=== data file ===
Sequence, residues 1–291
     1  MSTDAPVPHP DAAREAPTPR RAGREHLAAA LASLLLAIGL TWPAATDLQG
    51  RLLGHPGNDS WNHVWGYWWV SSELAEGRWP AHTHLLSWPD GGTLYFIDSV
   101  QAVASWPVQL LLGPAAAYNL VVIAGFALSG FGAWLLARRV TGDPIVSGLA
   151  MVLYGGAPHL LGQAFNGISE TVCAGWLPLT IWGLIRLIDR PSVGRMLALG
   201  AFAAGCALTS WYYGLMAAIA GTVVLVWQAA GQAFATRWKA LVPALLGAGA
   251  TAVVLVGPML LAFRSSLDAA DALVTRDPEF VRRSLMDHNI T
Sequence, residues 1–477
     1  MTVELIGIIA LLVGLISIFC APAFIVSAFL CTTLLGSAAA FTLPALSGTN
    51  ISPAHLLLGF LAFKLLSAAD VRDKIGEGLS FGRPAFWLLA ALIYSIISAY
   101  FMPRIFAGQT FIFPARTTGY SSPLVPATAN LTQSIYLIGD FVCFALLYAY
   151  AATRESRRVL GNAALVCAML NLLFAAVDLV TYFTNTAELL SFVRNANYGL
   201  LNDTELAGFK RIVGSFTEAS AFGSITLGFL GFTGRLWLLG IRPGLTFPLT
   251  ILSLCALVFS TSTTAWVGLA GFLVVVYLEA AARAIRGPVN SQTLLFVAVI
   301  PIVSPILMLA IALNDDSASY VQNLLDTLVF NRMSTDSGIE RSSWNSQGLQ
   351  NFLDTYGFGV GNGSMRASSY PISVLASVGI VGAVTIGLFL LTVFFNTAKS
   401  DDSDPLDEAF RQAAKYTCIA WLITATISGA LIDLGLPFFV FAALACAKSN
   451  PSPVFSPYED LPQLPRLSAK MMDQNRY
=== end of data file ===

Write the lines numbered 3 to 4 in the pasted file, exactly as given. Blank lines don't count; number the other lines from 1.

    51  RLLGHPGNDS WNHVWGYWWV SSELAEGRWP AHTHLLSWPD GGTLYFIDSV
   101  QAVASWPVQL LLGPAAAYNL VVIAGFALSG FGAWLLARRV TGDPIVSGLA